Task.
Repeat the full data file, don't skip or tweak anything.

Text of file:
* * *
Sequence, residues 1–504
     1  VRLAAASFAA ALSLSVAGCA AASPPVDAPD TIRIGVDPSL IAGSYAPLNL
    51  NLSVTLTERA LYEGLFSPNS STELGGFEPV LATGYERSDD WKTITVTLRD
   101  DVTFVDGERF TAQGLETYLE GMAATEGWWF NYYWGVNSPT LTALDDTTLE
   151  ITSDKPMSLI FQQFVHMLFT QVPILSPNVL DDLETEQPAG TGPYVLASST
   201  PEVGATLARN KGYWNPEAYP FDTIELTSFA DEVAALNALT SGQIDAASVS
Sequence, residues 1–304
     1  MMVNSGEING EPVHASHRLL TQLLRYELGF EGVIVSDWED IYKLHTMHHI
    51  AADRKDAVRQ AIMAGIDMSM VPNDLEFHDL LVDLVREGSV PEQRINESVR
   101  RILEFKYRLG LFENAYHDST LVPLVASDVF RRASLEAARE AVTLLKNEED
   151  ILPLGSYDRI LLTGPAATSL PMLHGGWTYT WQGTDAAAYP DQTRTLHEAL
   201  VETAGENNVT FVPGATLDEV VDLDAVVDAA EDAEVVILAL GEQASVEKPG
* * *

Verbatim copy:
Sequence, residues 1–504
     1  VRLAAASFAA ALSLSVAGCA AASPPVDAPD TIRIGVDPSL IAGSYAPLNL
    51  NLSVTLTERA LYEGLFSPNS STELGGFEPV LATGYERSDD WKTITVTLRD
   101  DVTFVDGERF TAQGLETYLE GMAATEGWWF NYYWGVNSPT LTALDDTTLE
   151  ITSDKPMSLI FQQFVHMLFT QVPILSPNVL DDLETEQPAG TGPYVLASST
   201  PEVGATLARN KGYWNPEAYP FDTIELTSFA DEVAALNALT SGQIDAASVS
Sequence, residues 1–304
     1  MMVNSGEING EPVHASHRLL TQLLRYELGF EGVIVSDWED IYKLHTMHHI
    51  AADRKDAVRQ AIMAGIDMSM VPNDLEFHDL LVDLVREGSV PEQRINESVR
   101  RILEFKYRLG LFENAYHDST LVPLVASDVF RRASLEAARE AVTLLKNEED
   151  ILPLGSYDRI LLTGPAATSL PMLHGGWTYT WQGTDAAAYP DQTRTLHEAL
   201  VETAGENNVT FVPGATLDEV VDLDAVVDAA EDAEVVILAL GEQASVEKPG